connected graph

Updated Print Article Share Article
views updated

connected graph A graph in which there is a path joining each pair of vertices, the graph being undirected. It is always possible to travel in a connected graph between one vertex and any other; no vertex is isolated. If a graph is not connected it will consist of several components, each of which is connected; such a graph is said to be disconnected.

If a graph G has e edges, v vertices, and p components, the rank of G, written ρ(G), is defined to be vp

The nullity of G, written μ(G), is ev + p Thus ρ(G) + μ(G) = e

With reference to a directed graph, a weakly connected graph is one in which the direction of each edge must be removed before the graph can be connected in the manner described above. If however there is a directed path between each pair of vertices u and v and another directed path from v back to u, the directed graph is strongly connected.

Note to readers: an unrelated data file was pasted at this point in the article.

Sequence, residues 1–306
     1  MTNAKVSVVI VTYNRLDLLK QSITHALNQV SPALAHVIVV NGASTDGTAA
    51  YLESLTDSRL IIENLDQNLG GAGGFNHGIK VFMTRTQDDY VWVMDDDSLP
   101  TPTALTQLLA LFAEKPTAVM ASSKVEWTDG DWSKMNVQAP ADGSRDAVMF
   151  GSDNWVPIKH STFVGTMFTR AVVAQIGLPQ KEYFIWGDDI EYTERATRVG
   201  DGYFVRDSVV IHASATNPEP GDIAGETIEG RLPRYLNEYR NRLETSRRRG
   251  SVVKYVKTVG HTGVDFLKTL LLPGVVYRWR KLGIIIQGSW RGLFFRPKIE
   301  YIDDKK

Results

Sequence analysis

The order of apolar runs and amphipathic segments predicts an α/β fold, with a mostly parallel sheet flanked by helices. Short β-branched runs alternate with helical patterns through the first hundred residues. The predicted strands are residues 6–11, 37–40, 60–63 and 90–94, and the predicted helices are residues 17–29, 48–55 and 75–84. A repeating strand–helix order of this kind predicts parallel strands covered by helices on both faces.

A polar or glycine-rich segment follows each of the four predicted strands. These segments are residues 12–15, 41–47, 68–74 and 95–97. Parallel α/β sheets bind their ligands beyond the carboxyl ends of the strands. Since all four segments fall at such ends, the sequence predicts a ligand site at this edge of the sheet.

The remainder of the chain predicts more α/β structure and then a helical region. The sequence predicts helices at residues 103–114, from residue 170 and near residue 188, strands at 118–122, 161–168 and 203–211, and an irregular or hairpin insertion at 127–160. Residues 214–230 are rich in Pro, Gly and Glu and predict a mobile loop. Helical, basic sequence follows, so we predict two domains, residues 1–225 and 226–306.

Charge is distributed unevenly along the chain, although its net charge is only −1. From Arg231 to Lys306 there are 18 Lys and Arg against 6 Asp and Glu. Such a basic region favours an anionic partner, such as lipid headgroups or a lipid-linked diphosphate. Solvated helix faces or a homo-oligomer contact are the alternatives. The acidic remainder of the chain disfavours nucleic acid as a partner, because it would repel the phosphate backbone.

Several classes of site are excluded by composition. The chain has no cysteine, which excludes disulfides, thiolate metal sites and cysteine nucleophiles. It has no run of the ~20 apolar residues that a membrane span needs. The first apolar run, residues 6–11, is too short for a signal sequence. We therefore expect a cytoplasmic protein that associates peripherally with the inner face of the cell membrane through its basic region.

More formally, let G be a directed graph with vertices V and edges E. The set V can be partitioned into equivalence classes V1, V2,… under the relation that vertices u and v are equivalent iff there is a path from u to v and another from v to u. Let E1, E2,… be the sets of edges connecting vertices within V1, V2,… Then each of the graphs Gi with vertices Vi and edges Ei is a strongly connected component of G. A strongly connected graph has precisely one strongly connected component.

The process of replacing each of the strongly connected components of a directed graph by a single vertex is known as condensation.